#### Skewing Around, Part 3

In parts 1 and 2 , I described how I used the AMS and HyperLogLog online algorithms to estimate the frequency distribution of values in multiple integer sequences. I was doing this for a friend that needed a compute and space efficient way to analyze thousands of such streams.

Although the solution I came up with in Part 2 worked, it didn’t express the “skew” in human understandable terms like “20% of the values accounted for 80% of the occurrences”. Challenge accepted.

In the last post, I explained that an integer stream of length $$O$$ with an equal number of occurrences of $$N$$ values will have a minimum surprise number of,

\begin{aligned} S_{min} &= \frac{O^2}{N} \end{aligned}

And that this can be combined with the estimated surprise number to create a scaled “skew” metric $$R$$ that is comparable between different streams,

$$R = \frac{\hat{S}}{S_{min}}$$\/
Now, consider a stream where proportion \$$q\$$ of the values account for proportion \$$p\$$ of the occurrences. With some simplifying assumptions, the surprise number for this stream will be,
\begin{aligned} S_{pq} &= \sum_{i}^{qN} \left(\frac{pO}{qN}\right)^2 + \sum_{j}^{(1-q)N} \left(\frac{(1-p)O}{(1-q)N}\right)^2\\ &= \frac{(pO)^2}{qN} + \frac{((1-p)O)^2}{(1-q)N}\\ \end{aligned}

The resulting $$R$$ metric will be,

\begin{aligned} R &= \frac{S_{pq}}{S_{min}}\\ &= \frac{\frac{(pO)^2}{qN} + \frac{((1-p)O)^2}{(1-q)N}}{S_{min}}\\ &= \frac{\frac{(pO)^2}{qN} + \frac{((1-p)O)^2}{(1-q)N}}{\frac{O^2}{N}}\\ &= \frac{p^2}{q} + \frac{(1-p)^2}{(1-q)}\\ &= \frac{p^2(1-q)}{q(1-q)} + \frac{q(1-)^2)}{q(1-q)}\\ &= \frac{p^2(1-q) + q(1 - 2p + p^2)}{q(1-q)}\\ &= \frac{p^2 - p^2q + q - 2pq + p^2q}{q(1-q)}\\ &= \frac{p^2 + q - 2pq}{q(1-q)}\\ &= \frac{p^2 + q - 2pq + (q^2 - q^2)}{q(1-q)}\\ &= \frac{(p^2 - 2pq + q^2) + q - q^2}{q(1-q)}\\ &= \frac{(p-q)^2 + q(1-q)}{q(1-q)}\\ &= \frac{(p-q)^2}{q(1-q)} + 1\\ \end{aligned}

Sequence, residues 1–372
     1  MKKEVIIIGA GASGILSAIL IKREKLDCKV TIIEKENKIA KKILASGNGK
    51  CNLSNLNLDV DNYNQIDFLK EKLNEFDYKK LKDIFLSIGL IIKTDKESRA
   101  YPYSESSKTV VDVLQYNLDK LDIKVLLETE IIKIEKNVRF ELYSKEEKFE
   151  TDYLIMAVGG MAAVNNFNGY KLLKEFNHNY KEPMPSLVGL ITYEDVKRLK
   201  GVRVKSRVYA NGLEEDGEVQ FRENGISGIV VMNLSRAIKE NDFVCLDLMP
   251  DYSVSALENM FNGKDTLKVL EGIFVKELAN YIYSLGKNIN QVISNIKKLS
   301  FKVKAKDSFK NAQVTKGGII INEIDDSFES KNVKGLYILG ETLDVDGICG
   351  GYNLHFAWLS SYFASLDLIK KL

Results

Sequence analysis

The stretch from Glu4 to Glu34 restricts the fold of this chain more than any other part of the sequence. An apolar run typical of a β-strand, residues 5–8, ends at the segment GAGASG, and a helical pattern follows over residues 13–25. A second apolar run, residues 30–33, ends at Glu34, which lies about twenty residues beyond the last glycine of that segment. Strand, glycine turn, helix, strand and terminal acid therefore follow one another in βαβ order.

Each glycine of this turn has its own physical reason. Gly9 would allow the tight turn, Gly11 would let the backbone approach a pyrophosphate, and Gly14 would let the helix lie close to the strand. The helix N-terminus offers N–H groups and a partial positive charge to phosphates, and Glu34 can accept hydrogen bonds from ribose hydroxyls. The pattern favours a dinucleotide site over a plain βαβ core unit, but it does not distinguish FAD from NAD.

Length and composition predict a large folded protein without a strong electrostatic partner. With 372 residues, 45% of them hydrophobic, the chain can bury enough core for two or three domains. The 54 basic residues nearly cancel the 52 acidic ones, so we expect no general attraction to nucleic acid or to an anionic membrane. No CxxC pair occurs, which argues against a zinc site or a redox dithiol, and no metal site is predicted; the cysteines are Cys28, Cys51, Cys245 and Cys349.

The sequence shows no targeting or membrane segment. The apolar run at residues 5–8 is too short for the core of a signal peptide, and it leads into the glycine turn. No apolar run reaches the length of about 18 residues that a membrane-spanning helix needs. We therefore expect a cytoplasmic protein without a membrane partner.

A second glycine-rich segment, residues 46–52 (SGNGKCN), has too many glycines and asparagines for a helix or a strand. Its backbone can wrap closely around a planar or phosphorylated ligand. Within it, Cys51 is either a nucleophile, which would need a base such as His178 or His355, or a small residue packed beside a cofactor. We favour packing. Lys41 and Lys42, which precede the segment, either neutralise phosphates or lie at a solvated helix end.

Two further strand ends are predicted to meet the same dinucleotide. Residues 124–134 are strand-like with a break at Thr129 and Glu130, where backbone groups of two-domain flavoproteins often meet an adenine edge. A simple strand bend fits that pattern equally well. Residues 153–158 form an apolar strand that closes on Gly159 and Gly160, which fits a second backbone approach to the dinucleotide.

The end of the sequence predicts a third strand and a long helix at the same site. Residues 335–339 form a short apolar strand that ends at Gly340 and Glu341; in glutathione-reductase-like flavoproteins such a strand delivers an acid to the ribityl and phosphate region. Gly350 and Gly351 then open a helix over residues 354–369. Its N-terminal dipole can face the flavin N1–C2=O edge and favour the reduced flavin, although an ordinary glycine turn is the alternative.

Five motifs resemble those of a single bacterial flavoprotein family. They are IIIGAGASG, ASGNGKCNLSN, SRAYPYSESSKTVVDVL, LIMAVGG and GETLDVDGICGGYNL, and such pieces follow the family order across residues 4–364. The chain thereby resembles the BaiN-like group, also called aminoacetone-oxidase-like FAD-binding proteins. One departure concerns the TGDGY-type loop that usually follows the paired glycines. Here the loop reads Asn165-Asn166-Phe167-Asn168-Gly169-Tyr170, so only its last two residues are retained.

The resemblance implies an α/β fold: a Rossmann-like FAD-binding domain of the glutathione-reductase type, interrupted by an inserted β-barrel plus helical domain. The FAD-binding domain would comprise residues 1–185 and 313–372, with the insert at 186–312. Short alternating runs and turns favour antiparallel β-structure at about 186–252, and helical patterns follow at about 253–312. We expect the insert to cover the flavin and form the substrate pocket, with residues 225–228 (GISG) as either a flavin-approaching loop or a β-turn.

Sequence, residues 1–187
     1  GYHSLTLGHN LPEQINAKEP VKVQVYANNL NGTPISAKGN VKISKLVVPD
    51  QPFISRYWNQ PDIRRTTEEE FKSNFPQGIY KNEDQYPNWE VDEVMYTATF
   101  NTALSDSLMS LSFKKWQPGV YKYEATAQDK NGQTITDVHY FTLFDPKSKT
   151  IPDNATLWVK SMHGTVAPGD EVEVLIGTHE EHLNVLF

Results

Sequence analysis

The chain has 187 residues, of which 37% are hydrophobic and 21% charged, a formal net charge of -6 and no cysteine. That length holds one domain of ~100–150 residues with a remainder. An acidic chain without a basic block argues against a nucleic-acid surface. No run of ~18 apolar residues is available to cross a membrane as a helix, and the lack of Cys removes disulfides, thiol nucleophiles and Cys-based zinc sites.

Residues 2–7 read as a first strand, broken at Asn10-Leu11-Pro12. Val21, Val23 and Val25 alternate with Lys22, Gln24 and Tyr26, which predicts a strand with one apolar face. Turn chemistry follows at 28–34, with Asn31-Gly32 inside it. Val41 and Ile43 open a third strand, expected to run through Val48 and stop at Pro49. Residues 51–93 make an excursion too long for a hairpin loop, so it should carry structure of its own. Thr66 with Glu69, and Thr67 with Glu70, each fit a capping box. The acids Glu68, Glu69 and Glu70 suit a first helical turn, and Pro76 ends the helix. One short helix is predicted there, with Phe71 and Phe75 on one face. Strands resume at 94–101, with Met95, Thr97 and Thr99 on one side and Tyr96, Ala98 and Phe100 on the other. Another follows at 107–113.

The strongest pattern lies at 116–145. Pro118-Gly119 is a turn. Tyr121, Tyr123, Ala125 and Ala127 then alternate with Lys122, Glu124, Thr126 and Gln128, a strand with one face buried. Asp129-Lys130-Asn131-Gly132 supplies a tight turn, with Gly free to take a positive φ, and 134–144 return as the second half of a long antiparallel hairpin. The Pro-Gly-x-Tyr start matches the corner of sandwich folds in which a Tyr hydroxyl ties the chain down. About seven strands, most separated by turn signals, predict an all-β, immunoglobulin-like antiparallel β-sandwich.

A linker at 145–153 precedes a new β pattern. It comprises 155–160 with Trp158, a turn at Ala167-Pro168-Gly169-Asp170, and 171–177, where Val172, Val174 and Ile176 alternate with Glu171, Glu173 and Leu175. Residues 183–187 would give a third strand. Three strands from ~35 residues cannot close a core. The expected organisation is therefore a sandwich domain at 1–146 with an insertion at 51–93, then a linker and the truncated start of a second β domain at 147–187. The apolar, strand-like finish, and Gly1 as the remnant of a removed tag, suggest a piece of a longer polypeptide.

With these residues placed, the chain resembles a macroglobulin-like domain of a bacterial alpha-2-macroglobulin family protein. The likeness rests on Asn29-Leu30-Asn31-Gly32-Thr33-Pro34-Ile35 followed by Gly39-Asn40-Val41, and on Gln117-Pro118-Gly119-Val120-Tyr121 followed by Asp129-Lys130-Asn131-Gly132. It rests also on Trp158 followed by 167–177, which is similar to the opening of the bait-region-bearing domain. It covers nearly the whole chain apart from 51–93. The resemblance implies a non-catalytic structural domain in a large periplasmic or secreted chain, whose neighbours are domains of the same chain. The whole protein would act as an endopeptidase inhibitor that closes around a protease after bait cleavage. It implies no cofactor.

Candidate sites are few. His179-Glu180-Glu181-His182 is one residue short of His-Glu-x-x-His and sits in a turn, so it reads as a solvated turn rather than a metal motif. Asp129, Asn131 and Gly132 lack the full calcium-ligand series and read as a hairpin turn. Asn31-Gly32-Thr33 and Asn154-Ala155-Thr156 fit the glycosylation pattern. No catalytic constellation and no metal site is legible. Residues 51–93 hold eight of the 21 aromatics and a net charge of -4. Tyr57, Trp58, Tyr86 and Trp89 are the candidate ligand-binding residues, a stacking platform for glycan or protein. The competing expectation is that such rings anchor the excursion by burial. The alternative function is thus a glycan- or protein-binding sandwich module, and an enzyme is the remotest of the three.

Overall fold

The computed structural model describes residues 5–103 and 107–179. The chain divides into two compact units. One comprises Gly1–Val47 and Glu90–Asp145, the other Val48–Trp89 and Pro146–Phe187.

Expressing this in terms of the estimated ratio described in the last post leads to,

\begin{aligned} R &= \frac{\hat{S}}{S_{min}} \approx \frac{(p-q)^2}{q(1-q)} + 1\\ \end{aligned}

Now, lets substitute $$R$$ with a new metric $$R^{\prime} = \tilde{R} - 1$$,

\begin{aligned} R^{\prime}_s &\approx \frac{(p-q)^2}{q(1-q)}\\ R^{\prime} q(1-q) &\approx (p-q)^2\\ \sqrt{R^{\prime} q(1-q)} &\approx p-q\\ p &\approx q + \sqrt{R^{\prime} q(1-q)}\\ \end{aligned}

Since this equation has two unknowns, there are many solutions of $$p$$ and $$q$$ for a given $$R^{\prime}$$. For example, $$\tilde{R} = 3.25$$ has an infinite number of possible solutions including: $${p=.9, q=.25},{p=.8, q=.2}, {p=.6,q=.15}$$. The following figure illustrates this,

However, as the figure suggests, an upper bound on $$q$$ can be found by setting $$p <= 1$$.

\begin{aligned} q + \sqrt{R^{\prime} q(1-q)} &<= 1\\ \sqrt{R^{\prime} q(1-q)} &<= (1-q)\\ R^{\prime} q(1-q) &<= (1-q)^2\\ R^{\prime} q &<= (1-q)\\ R^{\prime} &<= \frac{(1-q)}{q}\\ R^{\prime} &<= \frac{1}{q} - 1\\ R^{\prime} + 1 &<= \frac{1}{q}\\ \end{aligned}

Recalling the definition of $$R^{\prime}$$,

\begin{aligned} R - 1 + 1 &<= \frac{1}{q}\\ R &<= \frac{1}{q}\\ q &<= \frac{1}{R}\\ \end{aligned}

This means that the upper bound on the percentage of skewed values is the reciprocal of the estimated $$R$$. Cool!

Unfortunately, with both $$p$$ and $$q$$ unknown and only one equation, this was as far as I could take this. However, the upper bound and family of curves for given values of $$p$$ were enough for my friend to do what he wanted.

This was a fun project. I got to see first hand that although probabilistic online algorithms sacrifice accuracy for efficiency, they can still perform well enough to get the job done!